Sunday at the Austin Wine and Food Festival started early in the morning with a new crew of chefs taking over the fire pits. The team from Luke in San Antonio constructed an elaborate “quail” tree, roasted a whole hog and even made a lovely strawberry sauce on the fire.
The Gilmores, with dad Jack (Jack Allen’s Kitchen) and son Bryce (Barley Swine & Odd Duck) both manning the pits, switched from pigs to goats, with Bryce cooking cabrito on the fire truck spit and Jack roasting the heads on the “meat carousel” with the chickens.
Chef Ned Elliott of Foreign and Domestic was roasting pig heads on his fire and making tacos from the tender meat.
No surprise that pitmaster Aaron Franklin’s (Franklin Barbecue) brisket and ribs inspired a patient crowd waiting patiently for a bite of the tasty ‘cue. In between carvings, the chef handed out beers.
Some of the hardest working folks at the festival were the crew from Salt & Time with a chef showcase on Saturday and a discussion on Sunday at the Austin Food and Wine Alliance tent, complete with tasty bites of their charcuterie.
Sunday’s Grand Tasting featured a number of great finds. Stephanie McClenny of Confituras launched her lovely Hill Country Wine Jellies featuring Texas red and white wines.
I was delighted to discover two new-to-me restaurants based in my Allandale neighborhood. The Mighty Bird is a fast casual restaurant that specializes in rotisserie chicken and chicken-centric tacos, wraps and salads. Their Hatch green chile chicken salad and chicken chorizo samples were delicious and I’ve stopped the Anderson location twice since the festival.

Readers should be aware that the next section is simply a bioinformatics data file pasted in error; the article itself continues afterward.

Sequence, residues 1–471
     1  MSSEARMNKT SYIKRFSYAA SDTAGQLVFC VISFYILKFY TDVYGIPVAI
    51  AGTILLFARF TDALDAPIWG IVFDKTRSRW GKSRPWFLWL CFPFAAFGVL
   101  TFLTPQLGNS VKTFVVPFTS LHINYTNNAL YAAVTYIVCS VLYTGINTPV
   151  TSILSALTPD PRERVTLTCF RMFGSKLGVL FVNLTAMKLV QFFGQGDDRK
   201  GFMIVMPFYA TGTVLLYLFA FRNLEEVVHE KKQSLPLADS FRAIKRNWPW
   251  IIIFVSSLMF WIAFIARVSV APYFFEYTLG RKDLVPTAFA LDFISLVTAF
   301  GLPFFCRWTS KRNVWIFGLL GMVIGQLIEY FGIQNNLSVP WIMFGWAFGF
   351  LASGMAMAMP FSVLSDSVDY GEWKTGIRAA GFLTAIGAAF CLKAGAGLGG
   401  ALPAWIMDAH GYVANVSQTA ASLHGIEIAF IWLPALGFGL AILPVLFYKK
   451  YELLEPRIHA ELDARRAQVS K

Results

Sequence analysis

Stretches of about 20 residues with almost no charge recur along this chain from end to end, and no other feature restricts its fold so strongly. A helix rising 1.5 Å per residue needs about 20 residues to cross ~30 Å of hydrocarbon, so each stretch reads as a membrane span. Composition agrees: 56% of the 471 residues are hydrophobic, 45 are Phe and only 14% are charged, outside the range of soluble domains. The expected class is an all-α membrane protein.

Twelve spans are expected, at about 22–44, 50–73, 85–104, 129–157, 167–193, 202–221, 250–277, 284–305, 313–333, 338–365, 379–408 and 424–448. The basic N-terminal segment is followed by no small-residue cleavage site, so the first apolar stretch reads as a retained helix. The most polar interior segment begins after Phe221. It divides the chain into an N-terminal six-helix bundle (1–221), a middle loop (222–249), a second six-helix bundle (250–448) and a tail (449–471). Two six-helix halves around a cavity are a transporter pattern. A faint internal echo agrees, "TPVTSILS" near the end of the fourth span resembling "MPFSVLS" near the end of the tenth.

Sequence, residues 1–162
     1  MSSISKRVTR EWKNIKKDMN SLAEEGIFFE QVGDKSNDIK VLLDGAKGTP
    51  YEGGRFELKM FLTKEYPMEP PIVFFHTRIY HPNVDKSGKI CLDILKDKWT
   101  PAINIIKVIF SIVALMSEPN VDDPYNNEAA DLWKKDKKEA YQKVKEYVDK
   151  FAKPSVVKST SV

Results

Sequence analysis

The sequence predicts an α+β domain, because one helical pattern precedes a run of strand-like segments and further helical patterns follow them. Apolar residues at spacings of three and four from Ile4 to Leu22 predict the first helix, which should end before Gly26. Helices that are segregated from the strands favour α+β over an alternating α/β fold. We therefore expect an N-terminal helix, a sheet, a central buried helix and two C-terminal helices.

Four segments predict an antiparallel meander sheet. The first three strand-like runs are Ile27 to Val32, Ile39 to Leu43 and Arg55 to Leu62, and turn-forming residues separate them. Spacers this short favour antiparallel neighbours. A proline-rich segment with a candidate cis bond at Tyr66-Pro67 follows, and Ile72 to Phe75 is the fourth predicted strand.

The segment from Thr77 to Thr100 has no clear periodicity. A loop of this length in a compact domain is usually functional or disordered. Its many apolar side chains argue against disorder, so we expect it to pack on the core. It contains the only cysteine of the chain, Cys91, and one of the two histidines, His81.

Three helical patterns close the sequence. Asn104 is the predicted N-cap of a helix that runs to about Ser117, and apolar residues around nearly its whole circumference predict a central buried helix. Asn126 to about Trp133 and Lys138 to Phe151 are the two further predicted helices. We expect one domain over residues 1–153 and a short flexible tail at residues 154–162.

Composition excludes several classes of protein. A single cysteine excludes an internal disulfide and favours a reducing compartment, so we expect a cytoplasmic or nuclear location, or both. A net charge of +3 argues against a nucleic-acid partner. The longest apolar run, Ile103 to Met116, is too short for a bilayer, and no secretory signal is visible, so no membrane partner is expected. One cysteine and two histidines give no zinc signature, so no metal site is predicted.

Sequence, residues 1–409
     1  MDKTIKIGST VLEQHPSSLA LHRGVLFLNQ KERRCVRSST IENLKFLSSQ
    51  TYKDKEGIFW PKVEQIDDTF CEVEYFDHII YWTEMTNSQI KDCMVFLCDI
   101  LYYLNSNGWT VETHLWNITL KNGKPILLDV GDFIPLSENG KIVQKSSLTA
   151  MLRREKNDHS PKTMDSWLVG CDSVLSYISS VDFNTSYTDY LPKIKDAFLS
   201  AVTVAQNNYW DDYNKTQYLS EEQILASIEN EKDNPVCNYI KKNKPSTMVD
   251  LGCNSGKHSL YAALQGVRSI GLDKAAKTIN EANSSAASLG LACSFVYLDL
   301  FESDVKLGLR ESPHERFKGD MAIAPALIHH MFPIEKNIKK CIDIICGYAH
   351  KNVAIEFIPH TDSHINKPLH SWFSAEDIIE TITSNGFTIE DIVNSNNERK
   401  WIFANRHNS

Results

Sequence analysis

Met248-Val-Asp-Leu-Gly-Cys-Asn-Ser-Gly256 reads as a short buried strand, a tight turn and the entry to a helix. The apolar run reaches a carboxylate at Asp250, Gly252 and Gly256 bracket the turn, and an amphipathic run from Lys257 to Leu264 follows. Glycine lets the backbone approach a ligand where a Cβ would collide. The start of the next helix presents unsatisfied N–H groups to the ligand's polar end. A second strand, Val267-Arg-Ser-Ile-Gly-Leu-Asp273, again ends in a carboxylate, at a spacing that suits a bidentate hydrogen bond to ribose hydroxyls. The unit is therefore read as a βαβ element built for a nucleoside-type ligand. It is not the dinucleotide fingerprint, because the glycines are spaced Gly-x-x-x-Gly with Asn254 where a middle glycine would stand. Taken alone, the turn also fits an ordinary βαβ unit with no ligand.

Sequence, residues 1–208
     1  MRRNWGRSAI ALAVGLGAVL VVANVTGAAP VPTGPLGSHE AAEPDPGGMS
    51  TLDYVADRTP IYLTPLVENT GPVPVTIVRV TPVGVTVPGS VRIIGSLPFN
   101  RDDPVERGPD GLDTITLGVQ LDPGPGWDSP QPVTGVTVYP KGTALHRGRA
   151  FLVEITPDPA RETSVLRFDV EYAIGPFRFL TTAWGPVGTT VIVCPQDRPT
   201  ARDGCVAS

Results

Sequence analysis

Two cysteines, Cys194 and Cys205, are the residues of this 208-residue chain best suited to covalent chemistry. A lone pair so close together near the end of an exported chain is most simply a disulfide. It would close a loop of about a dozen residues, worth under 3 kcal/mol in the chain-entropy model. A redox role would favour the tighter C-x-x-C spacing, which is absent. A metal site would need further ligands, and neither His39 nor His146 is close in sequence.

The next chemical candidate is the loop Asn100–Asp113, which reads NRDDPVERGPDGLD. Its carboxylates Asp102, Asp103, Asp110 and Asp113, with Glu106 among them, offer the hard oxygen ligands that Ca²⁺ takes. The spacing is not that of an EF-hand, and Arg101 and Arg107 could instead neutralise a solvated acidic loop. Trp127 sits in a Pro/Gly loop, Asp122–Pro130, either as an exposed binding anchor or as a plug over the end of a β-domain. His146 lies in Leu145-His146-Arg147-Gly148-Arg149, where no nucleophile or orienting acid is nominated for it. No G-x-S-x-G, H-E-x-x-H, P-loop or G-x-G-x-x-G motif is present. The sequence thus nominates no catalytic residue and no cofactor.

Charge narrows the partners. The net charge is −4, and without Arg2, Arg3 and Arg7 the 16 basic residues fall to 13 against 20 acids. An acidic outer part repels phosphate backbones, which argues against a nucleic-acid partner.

And, I am anxiously awaiting the opening of Fork & Vine in the space formerly occupied by Casa Chapala at Anderson & Shoal Creek. The New American restaurant will have a lengthy wine list and, based on the samples at the festival, some impressive food. With this restaurant being less than a block from my house, you can imagine how excited I am. (Open, open, open!)
I ended the festival with nibbles from one of my favorite chefs in town, Chef Shawn Cirkiel of the Parkside Projects (Parkside, Olive & June, the Backspace, Chavez). The soup and charcuterie were balanced and lovely – just what I’ve come to expect from Chef Cirkiel. He then shared a story of the work they’ve been doing in his restaurant group to take care of their team, extending insurance to every (not just full-time) employee and how that had recently helped one of their dishwashers.
As I headed for the gates, I was reminded that all the fun of the festival is about promoting an industry that not only supports the chefs and stars, but everyone who who works with them. It makes a difference where you eat, because the money you spend supports real people, with real lives from the purveyors supplying the restaurant to the dishwashers and servers to the star chef who just signed your arm. Choose wisely!